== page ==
Tag Archives: work

All Work and (almost) No Play Makes Rodney a Dull Guy

So now having been through 10 weeks of work and 10 weeks of school, I have learned a lot of things. Fortunately, most of those things have been nice πŸ™‚ I will share a selection of them:


  • For the most part, I go to school with some very awesome people! All of my groups have been really supportive of the fact that I study and work full-time. So it might mean that we have to meet at times where they would prefer to be free or something like that. And in every instance they have been accommodating. I should say that two of my three groups have been amazing to work with. I have learned a lot with them and from them.
  • I don’t use my job as a reason not to do my fair share of group-based work (at least I hope I don’t). Yes, there are times when I simply can’t be in the lecture or the seminar because work has to come first. But I resolved in my mind before I started that I wouldn’t be one of those people who don’t pull their own weight in the group.
  • Sometimes I think my professors take my work schedule and plan important events to purposefully conflict πŸ™‚ Some professors seems to get this right every time. Luckily there has always been a solution everyone can live with.
  • I underestimated the amount of effort involved when our courses start up. In Sweden, which is probably a bit different than US schools, each semester has two blocks that are about 8-10 weeks long. So it means that at two points in the semester you have intense start-up activities. Didn’t see that coming, but I am coping well…even if it requires that I take a day off of work here or there to make it possible.


  • I am still loving my new job. I am still very happy that I made the move from IBM to HP. I miss people for sure, but I don’t have any regrets.
  • My boss has been amazingly flexible and understanding about school. Generally I can manage quite well between school and work. There are some school assignments and dates that are mandatory, but I still always put in my 50+ hours to get things done.
  • There are some things that are common to all multi-national corporations, no matter where you go. That is mostly good and has helped make the transition a bit easier.
  • Did I mention I am still very happy? πŸ™‚


So for all of this, what does it mean in practical terms.

  • I had to make a conscious choice to really scale back my social life for the next 2 years. So please, if I am not as responsive or declining invites, it’s not personally. It might be strange, but please don’t stop sending invites πŸ™‚ They are psychological proof that somewhere out there I still have friends πŸ™‚ Meetings for coffees or food work better than big nights out.
  • I am thankful for my car. I couldn’t make this work without one! Connected to this is the fact thatΒ I am thankful that my classes are reasonably accessible by car. Some locations are easier than others, but it helps me to make things work.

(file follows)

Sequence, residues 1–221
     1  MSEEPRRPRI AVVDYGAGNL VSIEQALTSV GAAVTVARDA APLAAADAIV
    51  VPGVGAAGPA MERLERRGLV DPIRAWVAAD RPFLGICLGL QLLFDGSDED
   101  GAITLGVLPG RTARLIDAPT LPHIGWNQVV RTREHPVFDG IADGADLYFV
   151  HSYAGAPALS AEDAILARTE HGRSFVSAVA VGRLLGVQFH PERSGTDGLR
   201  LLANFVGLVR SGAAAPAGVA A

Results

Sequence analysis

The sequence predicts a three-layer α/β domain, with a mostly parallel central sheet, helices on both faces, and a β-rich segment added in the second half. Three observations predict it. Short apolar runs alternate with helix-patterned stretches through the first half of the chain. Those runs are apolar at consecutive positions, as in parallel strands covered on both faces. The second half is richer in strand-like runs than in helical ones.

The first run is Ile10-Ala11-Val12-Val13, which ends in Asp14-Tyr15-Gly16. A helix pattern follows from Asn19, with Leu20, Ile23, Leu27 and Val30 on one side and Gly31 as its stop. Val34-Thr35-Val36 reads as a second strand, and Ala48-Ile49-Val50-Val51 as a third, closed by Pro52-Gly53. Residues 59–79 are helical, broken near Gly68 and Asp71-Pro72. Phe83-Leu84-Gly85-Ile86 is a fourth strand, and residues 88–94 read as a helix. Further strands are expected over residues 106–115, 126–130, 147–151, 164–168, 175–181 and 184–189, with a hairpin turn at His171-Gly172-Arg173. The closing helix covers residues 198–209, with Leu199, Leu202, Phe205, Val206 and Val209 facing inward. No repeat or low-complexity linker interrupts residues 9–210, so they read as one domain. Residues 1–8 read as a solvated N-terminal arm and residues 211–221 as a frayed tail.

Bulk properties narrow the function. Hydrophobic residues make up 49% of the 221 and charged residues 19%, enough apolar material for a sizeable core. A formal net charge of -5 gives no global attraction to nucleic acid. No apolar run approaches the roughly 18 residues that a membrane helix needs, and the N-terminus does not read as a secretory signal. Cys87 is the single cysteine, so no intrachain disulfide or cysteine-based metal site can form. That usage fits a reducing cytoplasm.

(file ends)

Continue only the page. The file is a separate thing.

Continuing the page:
• Coffee is my friend. It is my constant companion.
  • I have learned to enjoy my friend’s Facebook photos and stories of the weekend as if they were my own. In the last 10 weeks I have only had 1 weekend where there was no studying or work involved. Keep those pictures and stories coming! πŸ™‚ I live vicariously through all of you these days.
  • There such a thing as 04.30 in the morning. And more important I learned that it’s a great time to catch up on e-mails and reading over a cup of coffee. Or three.
  • Shamefully, within the last 10 weeks, I have been to the McDonalds twice as much as I have been to the my gym which is one door over. I have started to change that now.
  • I’m understanding again why students cook things in large quantities. What you might give up in taste, you make up in time.
  • BBC Knowledge TV is a great way to procrastinate and kill some time in a way where you don’t feel completely bad for it because you’ve learned something in the process.


Despite all of this, I still feel I can do this. It hasn’t been an easy semester (in fact I am not even sure I passed by first two courses), nor has work been easy in any sense of the word. But I can say that I am using the knowledge and experience from both work and school to compliment each other. And combined with the great people I am meeting along the way – that makes me happy πŸ™‚

Final CSC Blog Entry: “Just Walk Beside Me, And Be My Friend” – for my CSC Nigeria Team 6 Colleagues ( #ibmcsc )

It’s a bittersweet moment now. If I said that I wasn’t at all emotional, I would be lying.

The team has officially disbanded and have gone towards their onwards journeys. It’s sweet because I know many people are ready to begin their post-CSC experiences. For some that will be going back home to see family and good friends. For others, the adventures continue around Africa and around the world for a couple of weeks more.

It’s bitter because we started out as colleagues, but ended up as friends. And it is always hard to say good to those you care for.